Thursday, 22 June 2017

Miracle Brew by Pete Brown

...the lure of drinkability!
Assume the usual laudatory Unbound crowd-funding preamble has taken place and we're moving forward into the realms of legitimate readerly opinion making, and on with the story!

Straight into a hangover.

I can in no way blame Pete Brown for the singularly disappointing situation in which I find myself. Yes, he talks knowledgeably and enthusiastically about the wonder of beer, it's amazing diversity and unfathomable origins, the breadth of flavour and taste experience available to the adventurous drinker, and yes, hearing about such wonderful experiences that I am not currently having begets in me such powerful feelings of want, and need, and of missing out that I have to rush out and purchase lots (and lots) of exciting and unusual beers. However, he is not to blame, for the most part, for the two-week long hangover I've been having this past, well, two weeks. I can blame only myself*.



If you get the chance,
DRINK THESE
I don't have any fondness for Mr Brown. I saw him once at a book event in Abergavenny, and he was somewhat curmudgeonly. Perhaps he was on his way for a drink and I (and the rest of the audience) was stood between him and the bar. Nevertheless, I enjoy that he enjoys his subject with such obvious enthusiasm and that he is not afraid to admit the lacunae in his knowledge (in Miracle Brew we are taken on a shared voyage of discovery as much as being lectured by an expert). He writes quite simply and with an authentic voice (a little curmudgeonly perhaps, but demonstrably honest), and in this book, he discusses the building blocks of beer, the four ingredients (and quasi-mystical art) that are all it takes to brew the world's favourite alcoholic beverage. He also drinks quite a few beers around the world. You can smell the hops crushed between the heels of his hands as he wanders the hop gardens of Kent.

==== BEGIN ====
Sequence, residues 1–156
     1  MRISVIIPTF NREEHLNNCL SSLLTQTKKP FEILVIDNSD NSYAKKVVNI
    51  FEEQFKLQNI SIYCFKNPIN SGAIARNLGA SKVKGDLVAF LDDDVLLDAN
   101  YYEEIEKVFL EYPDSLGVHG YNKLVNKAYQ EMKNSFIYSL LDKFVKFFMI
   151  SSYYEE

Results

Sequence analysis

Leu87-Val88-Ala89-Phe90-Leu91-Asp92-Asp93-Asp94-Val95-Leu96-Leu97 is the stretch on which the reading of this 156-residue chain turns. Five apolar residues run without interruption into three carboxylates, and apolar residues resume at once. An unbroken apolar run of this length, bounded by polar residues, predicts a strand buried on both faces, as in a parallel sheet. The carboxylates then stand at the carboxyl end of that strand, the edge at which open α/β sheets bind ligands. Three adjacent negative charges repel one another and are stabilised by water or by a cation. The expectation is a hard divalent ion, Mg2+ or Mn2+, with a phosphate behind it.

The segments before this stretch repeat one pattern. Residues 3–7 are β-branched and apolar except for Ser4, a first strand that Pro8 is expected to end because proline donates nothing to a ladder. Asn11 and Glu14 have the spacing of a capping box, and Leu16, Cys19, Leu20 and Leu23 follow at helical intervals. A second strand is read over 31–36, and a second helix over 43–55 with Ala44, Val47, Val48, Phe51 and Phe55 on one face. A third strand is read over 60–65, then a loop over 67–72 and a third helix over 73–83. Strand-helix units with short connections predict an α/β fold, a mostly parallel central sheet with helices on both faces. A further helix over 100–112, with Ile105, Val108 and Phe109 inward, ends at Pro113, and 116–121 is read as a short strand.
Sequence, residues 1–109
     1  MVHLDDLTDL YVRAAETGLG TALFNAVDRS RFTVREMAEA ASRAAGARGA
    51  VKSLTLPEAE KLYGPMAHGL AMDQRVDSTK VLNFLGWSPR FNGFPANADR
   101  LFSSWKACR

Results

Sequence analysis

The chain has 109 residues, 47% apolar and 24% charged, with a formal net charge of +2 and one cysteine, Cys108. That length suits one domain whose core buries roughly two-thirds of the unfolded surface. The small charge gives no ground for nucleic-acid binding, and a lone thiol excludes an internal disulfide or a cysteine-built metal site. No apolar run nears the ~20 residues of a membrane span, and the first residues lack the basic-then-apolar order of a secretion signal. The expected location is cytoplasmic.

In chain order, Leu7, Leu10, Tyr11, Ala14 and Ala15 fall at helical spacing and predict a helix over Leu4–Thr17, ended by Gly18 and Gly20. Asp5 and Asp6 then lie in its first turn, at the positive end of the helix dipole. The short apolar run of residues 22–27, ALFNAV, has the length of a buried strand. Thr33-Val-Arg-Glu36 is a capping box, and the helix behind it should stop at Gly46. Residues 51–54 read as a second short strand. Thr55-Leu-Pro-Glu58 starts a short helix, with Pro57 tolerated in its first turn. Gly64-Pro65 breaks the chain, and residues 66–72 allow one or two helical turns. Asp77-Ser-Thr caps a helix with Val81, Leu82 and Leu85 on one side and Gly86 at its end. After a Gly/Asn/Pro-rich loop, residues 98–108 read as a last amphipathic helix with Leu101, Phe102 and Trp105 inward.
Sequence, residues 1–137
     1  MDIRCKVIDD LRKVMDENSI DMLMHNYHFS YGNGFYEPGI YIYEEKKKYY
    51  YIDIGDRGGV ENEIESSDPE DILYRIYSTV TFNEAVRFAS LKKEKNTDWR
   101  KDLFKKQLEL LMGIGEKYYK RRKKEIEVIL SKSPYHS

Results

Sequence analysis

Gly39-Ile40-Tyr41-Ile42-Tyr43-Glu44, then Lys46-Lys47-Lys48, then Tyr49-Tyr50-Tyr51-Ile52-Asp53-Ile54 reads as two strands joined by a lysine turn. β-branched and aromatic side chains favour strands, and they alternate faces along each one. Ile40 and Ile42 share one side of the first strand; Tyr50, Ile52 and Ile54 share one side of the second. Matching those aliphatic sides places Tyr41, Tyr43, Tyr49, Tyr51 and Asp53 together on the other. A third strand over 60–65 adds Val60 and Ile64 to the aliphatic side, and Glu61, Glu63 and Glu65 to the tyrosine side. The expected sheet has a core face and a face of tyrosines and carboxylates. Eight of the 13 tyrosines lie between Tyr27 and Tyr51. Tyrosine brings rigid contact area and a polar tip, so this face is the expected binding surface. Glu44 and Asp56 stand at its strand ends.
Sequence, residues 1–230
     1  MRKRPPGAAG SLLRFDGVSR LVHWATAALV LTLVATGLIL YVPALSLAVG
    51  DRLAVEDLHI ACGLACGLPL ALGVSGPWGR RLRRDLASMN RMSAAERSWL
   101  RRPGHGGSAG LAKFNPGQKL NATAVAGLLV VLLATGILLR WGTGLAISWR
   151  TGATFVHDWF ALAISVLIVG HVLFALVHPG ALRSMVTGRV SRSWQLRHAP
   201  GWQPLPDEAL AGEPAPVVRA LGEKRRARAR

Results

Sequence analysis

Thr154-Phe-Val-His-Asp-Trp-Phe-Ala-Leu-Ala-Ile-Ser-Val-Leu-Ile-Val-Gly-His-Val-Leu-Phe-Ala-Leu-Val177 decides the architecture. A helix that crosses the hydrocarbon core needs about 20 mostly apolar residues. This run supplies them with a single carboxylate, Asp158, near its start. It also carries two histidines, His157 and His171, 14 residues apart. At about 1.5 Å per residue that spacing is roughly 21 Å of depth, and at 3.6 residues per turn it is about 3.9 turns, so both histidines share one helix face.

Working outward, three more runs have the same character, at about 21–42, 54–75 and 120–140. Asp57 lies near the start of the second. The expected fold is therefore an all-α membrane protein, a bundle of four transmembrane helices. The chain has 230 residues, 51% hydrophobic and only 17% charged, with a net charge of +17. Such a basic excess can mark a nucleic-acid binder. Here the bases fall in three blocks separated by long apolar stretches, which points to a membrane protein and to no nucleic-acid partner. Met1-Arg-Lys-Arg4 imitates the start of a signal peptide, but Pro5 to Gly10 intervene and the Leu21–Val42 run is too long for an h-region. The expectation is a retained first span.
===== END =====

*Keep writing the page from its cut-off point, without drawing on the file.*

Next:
AND ALL THESE**
To be fair, it doesn't take much to make me consider going out for some beer. In fact writing this I'm itching to visit The Wild Beer Co. website to buy a crate of something sour. However, I suspect that even those whose tastes don't quite run to Belgian lambics would be tempted to go out and see what the fuss is about. Craft brewing is something to be celebrated, and Pete Brown celebrates with the best of them. He delights in learning where he'd been accepting popularly believed myths as truths, talks to some of the most avant guard brewers in the world, and visits with the foremost brewing scientists to find out just how it all works. And gloriously, the science never ruins the mystery of the art of brewing. It's truly remarkable, the journey from barley grains to urine on the steps of the magistrate's court...

The only problem now is that I risk turning into one of those old c***s you find at 'real ales' pubs writing tasting notes on a little flip-up notebook and tutting when the publican apologises that they don't have anything on tap that isn't from Anheuser-Busch InBevSABMillerHeineken International, or Carlsberg Group.